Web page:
This timing chain has been a huge thorn in our backside.
It actually ended up not being the root of the problem at all, but rather, a bent chain ring that was the source of our woes. Because of its slight deviations, the chain would turn for a couple revolutions before hitting the contorted teeth and slipping right off. We hadn't noticed this, but an eagle-eyed Burmese bike mechanic in Mae Sot spotted the problem when we took the bike in desperation to see if they could fix it. He whacked it back into shape with a hammer and all was well.
But because we didn't realise this until a full day after we had bastardised the chain by going to 3 different bike shops in the area and trying to relink it together, it was almost a moot point that we had straightened the ring itself. The chain refused to work properly and most importantly, stay on. Either it was too loose or too tight, and both scenarios caused it to fail. The valiant bike mechanics of Mae Sot did their best, but fettling a tandem was something they just weren't accustomed to, and it beat them all.
It's not as simple as taking two regular KMC chains and looping them together. The one on our tandem is a weird length that requires a half-link to stay taut. And it was this half-link that was confusing the hell out of us. Where did it come from? How did it work?
We were finally advised to go visit a bigger bike shop on the outskirts of Mae Sot (go about 3km farther up the road towards the airport, past Famous Ray's new location - you can't miss it), promised that they knew their way around a tandem. And that's where we finally learned about the eccentric bottom bracket and its role as a chain tensioner. All of a sudden, everything made sense.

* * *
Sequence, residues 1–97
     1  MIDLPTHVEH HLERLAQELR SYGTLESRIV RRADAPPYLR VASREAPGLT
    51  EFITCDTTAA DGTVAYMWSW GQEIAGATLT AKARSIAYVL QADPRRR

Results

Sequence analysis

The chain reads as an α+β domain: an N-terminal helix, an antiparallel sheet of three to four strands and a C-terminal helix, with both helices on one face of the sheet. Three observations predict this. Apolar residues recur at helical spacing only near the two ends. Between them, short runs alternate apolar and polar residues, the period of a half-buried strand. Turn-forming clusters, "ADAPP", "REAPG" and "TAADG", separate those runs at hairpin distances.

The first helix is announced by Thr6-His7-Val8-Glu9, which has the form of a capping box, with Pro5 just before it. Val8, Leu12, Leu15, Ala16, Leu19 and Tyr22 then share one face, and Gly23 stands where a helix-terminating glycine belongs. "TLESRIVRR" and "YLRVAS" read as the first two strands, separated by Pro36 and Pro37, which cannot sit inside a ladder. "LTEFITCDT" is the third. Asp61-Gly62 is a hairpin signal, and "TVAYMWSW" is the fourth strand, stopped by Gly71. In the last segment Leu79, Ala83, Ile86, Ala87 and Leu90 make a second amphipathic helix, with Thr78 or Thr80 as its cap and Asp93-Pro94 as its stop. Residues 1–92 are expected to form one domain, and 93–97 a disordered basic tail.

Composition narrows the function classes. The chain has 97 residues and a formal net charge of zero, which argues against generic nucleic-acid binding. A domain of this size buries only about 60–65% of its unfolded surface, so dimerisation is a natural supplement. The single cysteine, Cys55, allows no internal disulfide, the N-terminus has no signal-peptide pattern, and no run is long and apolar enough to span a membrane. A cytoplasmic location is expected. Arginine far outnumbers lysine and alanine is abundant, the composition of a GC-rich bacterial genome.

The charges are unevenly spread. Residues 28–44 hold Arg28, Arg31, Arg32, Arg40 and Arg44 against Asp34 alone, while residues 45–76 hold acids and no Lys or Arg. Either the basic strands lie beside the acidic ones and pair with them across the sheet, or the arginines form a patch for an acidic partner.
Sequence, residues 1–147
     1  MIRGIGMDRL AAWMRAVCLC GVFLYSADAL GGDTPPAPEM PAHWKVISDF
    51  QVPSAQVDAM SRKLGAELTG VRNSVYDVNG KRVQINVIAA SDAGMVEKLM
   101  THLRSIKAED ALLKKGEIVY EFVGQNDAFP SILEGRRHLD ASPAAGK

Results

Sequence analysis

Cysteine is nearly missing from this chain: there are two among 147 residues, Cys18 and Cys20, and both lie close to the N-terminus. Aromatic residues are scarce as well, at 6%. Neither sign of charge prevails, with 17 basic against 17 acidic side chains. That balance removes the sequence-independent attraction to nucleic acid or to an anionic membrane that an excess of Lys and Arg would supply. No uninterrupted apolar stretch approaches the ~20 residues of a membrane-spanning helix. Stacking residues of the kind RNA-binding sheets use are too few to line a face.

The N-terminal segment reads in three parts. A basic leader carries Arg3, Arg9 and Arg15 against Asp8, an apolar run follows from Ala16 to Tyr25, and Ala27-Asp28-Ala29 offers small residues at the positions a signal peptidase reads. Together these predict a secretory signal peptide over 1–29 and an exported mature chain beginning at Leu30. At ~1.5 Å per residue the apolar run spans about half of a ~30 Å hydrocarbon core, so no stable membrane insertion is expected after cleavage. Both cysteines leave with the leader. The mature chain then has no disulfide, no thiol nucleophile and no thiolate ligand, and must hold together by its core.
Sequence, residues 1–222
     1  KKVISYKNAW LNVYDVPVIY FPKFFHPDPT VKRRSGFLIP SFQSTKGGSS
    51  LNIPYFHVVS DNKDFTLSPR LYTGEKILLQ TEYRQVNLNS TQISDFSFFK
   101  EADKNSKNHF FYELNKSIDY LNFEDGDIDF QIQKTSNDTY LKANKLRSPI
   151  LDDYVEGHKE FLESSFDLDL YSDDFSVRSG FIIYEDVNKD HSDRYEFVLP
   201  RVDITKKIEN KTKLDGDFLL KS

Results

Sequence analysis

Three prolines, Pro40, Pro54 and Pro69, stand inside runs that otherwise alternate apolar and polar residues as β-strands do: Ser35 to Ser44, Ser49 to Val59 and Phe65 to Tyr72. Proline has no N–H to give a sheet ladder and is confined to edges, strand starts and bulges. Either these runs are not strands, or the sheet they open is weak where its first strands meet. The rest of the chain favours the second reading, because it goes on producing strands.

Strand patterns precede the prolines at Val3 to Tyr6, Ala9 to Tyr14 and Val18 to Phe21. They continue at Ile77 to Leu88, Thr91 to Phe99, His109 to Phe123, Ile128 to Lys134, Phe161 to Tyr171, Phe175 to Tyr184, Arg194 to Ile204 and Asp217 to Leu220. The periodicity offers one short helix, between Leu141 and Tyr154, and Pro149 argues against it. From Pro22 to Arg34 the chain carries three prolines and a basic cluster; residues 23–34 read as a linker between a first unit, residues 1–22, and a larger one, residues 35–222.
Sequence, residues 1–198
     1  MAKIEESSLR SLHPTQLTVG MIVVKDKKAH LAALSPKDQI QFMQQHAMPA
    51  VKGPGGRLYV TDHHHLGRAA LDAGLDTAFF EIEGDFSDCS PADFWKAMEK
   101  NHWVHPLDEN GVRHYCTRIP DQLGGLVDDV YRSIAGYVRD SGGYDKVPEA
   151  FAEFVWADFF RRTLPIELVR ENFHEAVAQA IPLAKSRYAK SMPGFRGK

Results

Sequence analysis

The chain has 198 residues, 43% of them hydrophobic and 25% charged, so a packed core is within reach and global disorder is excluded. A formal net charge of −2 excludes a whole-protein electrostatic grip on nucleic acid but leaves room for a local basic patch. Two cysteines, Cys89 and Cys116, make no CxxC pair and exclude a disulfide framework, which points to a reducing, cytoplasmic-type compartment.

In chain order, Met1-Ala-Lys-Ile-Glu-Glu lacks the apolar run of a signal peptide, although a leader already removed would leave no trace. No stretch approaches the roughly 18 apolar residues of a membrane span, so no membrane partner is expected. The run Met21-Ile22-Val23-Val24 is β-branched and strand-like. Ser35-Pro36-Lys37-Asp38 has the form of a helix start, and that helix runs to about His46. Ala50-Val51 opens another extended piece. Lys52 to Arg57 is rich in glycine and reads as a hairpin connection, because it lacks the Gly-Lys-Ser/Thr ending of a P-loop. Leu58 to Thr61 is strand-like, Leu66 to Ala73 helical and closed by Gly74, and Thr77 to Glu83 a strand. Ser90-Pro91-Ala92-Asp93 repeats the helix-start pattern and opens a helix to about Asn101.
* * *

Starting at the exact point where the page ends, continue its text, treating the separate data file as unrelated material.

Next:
With this new knowledge in mind and various bits and bobs sorted, we did a final test run of the bike and prepared to cross the border the next day. But not before enjoying dinner and beer at the Night Market with Bernd and Hilda, a German/Dutch couple we met at T. House who were also planning to cross the border at the same time as us. Their mission: cycling from China back to their home in Holland. They expect it to be a one year endeavour and with three months already behind them, we watched in envy at their tanned, toned selves vs. our pasty wobbly ones.
Well, Jess anyway, as she has been fighting a horrendous cold which struck her the day after we got here. It's basically been a week straight of illness. It's fair to say we're not exactly in the optimum physical condition to embark on a trek like this. But we'll battle through. We always do.
At least there's Thai soap operas. Our favourite over these past couple of days involves an undercover witch trying to convince her pop star boyfriend that she's not actually crazy. We've also developed an affection for the Thai military government's minister of agriculture, who appears on national TV in the evenings lecturing farmers to do as they're told and stop growing so much sugar cane and overworking the land.
T minus 12 hours...